Monday, 16 September 2019

Whānau Pride - A Student Motivator

Throughout the year I have been sending home 2 Miss D is proud certificates per week, as previously blogged about hereTo check in how they've gone so far, I decided to ask 8 students the below key questions about the certificates, to use their feedback to reflect;
How did you feel when you received the certificate?
- How did your caregivers respond?
- Have you had any positive things sent home like this before?
- Do you think receiving the certificate affected how you were in Health/PE afterward?
- Would you suggest I continue to send these? Why/Why not?

Although I have 5 major classes, I have only sent one certificate to one Year 13 so far, so decided to focus on my Years 9-12 for feedback. Alongside are some of the key comments the students made, which left me thinking further (and feeling warm fuzzies!).

When I went through the students' responses to the above questions, the common words which appeared were good (8/8), proud (5/8), happy (4) and recognised (4). The overall consensus was that students felt good or happy they had been recognised for working hard in Health and/or PE, and their caregivers were proud of them. This is great news, because this was the intent of the certificates - to increase positive messages and connections with whānau and to spend some of my time acknowledging the incredible things the kids are doing (as opposed to the time needed to spend chasing up students who have been off-task or not self managed for example). Many of the students also spoke about how the certificate started positive conversations with their caregivers about their school successes!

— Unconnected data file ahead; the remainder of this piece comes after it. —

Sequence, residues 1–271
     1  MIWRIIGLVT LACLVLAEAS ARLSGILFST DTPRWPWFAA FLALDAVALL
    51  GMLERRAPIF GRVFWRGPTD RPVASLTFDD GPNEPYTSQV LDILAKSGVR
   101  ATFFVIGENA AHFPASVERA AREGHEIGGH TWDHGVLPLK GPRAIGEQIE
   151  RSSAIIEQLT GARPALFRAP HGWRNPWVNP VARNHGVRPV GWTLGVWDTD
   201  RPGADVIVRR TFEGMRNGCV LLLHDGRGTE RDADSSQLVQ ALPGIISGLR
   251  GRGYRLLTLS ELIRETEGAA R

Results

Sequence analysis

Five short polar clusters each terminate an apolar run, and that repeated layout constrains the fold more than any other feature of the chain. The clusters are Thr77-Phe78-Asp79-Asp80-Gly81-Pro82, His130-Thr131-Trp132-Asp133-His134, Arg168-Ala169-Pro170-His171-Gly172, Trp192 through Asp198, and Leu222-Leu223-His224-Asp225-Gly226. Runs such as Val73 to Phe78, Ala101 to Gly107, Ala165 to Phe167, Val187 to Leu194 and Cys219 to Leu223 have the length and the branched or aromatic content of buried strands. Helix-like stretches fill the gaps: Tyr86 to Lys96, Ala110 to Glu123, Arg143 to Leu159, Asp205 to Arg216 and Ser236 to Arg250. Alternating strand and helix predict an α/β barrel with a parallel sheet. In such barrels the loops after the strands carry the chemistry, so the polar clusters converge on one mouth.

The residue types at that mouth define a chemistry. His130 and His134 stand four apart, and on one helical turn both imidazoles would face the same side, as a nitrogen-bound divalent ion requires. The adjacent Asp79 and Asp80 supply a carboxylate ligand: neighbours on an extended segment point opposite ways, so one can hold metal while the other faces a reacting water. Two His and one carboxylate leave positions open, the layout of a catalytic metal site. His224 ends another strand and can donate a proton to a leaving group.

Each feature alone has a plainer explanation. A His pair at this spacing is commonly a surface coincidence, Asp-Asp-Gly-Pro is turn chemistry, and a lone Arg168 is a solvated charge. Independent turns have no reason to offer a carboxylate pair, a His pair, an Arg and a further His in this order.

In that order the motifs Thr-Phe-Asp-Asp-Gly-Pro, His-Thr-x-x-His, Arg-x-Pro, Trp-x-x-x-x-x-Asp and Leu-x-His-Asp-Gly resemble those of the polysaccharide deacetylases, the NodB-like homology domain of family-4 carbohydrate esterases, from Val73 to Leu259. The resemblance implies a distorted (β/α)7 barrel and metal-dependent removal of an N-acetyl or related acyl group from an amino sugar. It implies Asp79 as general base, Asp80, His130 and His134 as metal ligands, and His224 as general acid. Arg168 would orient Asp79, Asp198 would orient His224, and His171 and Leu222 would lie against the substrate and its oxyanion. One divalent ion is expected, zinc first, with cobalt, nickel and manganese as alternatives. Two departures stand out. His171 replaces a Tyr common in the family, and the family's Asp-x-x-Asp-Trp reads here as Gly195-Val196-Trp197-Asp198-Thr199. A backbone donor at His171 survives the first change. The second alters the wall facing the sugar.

Between this feedback and my own observations, I have noticed how I have begun to look forward to Friday morning when I sent home the certificates. Although some times I struggle to narrow them down to only 2, and other times struggle to think of 2 people who have gone above and beyond, it is a great feeling spreading positivity home to the students and their whānau, making me more excited and passionate about my teaching in hope to send more home!

Another interesting statistic and observation, was the difference in student responses within my class, after the students had received the certificate. 4/8 students explained  that receiving a certificate did positively affect how they were in my class after, 3 Juniors and 1 Senior. Some commented it motivated them to continue to succeed, and others said it made them feel special I had recognised them, so they wanted to give their best to continue to be recognised. The 4/8 students who said the certificate did not affect how they were in my class afterward were interestingly all high academic students, who already want to be successful and I don't think the certificates made a direct difference to their engagement or work ethic for example (as identified by the other 4). Though, the certificates possibly strengthened my relationships with these students. In conjunction with these stats, I have observed the students who are in Years 9&10 are generally more positively receptive to the idea than the Years 11&12. Possibly the Seniors feel the certificate is childish, so I may need to reconsider what to do next year for my Seniors. But I will definitely be keeping the certificates going - particularly as my Year 11s have now started calling it a club that only some people are part of!